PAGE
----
By Amrita Das.
Teleportation is perhaps one of the most desired superpowers. The magic of being in one place and then the next is too irresistible an offer for anyone to escape.
I have never been lucky enough to possess superpowers, though travelling occasionally gives me the momentary joy of teleporting myself. In one such experience I reach the quaint European colonies whilst being in Goa.
The coloured bungalows of Fontainhas have been etched in my memory since I first saw them two years ago. Since then, no visit to Panjim is complete without a walk here. Flanked by the serene Ourem creek on one side and the orderly Altinho hill on the other, Fontainhas is also known as the Latin Quarters of the city.
|The Verandah at Panjim Inn which serves comforting chai.|
Caught on the intersection of 31 January Road or Rua 31 de Janeiro, I see Panjim Inn on my right and Gitanjali Gallery on my left and I slimly escape the temptation of a cup of chai at the Verandah. After reassessing my priorities, I take the unknown left between Ria Residency and Gitanjali Gallery to meet O Abrigo on Rua Pauline de Dias. The entire architecture of this address has peacock motifs and designs on them. A typical Sunday noon and the building remains closed for no one to answer my questions. I move on as the blue Seventh Day Adventist School calls out to me. But no sooner I reach there, I am distracted by the little blue-purple home on my right. The beautiful bird cage and the artwork on the entrance entices me. This home has specially added charm to all my walks across the Fontainhas.
|The peacock designs at O Abrigo.|
As the mesmerising warmth of these lanes leave me, I walk towards the St Sebastian Church where I see families gathered and sing harmonious hymns. I walk ahead keeping La Maison and Afonso Guest House on either sides and take Rua de Natal to walk through the in-lanes. Who would’ve thought that there is a dried up well and a small landscape hill-top in the core of Panjim’s centre? As I walk by Hospedaria Abrigo de Botelho, there is a sense of confusion. I am torn between lunching at fantastic Viva Panjim or the cosy Hotel Venite? Without wasting any time, I walk to the very close Viva Panjim around the corner.
|Homes at the Fontainhas!|
After a quick but heavy lunch (read: my favourite Pomfret Recheado), I continue my walk through the quiet streets. The upward inclined road of Rua Emidio Gracia will take me to the busy junction of the Our Lady of the Immaculate Conception Church or Panjim Church, as it is popularly known. The Panjim Church is believed to be one of the oldest churches in the state.
|With Panjim Church behind me, standing at one of the busiest junctions of Panjim.|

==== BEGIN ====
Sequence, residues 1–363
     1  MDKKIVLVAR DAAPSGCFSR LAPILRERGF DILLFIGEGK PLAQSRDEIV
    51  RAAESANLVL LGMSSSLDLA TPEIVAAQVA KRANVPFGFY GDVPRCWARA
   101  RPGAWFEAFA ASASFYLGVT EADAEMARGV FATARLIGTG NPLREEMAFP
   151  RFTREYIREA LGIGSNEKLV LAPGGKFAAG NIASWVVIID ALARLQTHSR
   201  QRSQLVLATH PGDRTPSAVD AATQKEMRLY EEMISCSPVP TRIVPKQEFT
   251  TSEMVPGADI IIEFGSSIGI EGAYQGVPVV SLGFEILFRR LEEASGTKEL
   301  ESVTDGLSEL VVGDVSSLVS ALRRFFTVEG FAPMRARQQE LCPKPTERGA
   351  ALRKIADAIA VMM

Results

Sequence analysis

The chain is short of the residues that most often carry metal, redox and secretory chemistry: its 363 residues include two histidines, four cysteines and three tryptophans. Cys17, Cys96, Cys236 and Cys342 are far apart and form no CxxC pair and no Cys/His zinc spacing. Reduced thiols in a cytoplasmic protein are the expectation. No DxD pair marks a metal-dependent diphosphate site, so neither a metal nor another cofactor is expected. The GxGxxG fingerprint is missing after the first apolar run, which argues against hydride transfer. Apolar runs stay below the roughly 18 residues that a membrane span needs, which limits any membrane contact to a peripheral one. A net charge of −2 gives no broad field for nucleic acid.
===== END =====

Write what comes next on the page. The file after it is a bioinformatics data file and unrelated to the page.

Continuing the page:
Singbal Book House catches my eye and it is a distraction I submit to. After spending some time here and purchasing some interesting books, my walk navigates towards the famous 18 June Road. This road marks the Goa Revolution Day when Dr. Ram Manohar Lohia launched civil disobedience in 1946. I retrace my steps and walk behind this historic road and turn towards Café Central. This place was introduced to me by a friend and till date I remember the delicious chocolate cake she bought me. I stop by the busy café and make my order heard. After a successful transaction, I walk towards 18 June Road and continue as far as Hotel Fidalgo.
My path to Hotel Fidalgo is not free from threats of distraction. 18 June Road is one of the busiest streets of Panjim and sees a lot of tourists who come here for some local shopping. Almost everything requires a second look! From conventional gypsy outfits to intricate silver jewellery to Goan curry sauces and mixes, everything is a tempting buy.
Aunty Maria in Hotel Fidalgo is the only 24 hours café in the city and serves some of the best juices I have tasted anywhere. It would be criminal not to stop by for some juice to continue the walk back to the Fontainhas.
|Early evenings make Panjim Church sparkle.|
As the lights of the Panjim Church light up, I make my way back to the lovely Fontainhas where the colours are now fading into the dark. Even though it is early in the evening, Venite’s unaddressed temptation now weighs double and I find myself taking the left to 31 January Road after Rua Emidio Gracia, which directly takes me to the relaxed balconies of Venite.
|Hotel Venite in the evening is just the perfect place.|
Climbing the stairs of this restaurant, I feel my feet crave for a stretch and some rest. The moderately paced walk and the distracted stopovers have helped me explore a linear section of the Goan capital comfortably. I call it a day with my favourite beer. While looking at the street below and the twilight colours of the sky, it has been a day well discovered.
Have you ever walked through Goa's capital city?
Untravel Goa at a 500-year-old Goan Portuguese home in a sleepy Goan village.
AUTHOR BIO: Perpetually bitten by the travel bug, Amrita has travelled across twenty states in India and Nepal, Switzerland, Italy and Paris. She shares her experiences best through writing, photography and blogging. She engages in all types of outdoor adventure, explores the local way of life, listens to stories strangers tell her and is a firm believer of serendipity and constant change. She blogs at http://travellingidesofmarch.wordpress.com/ and tweets at @Amrita_dass.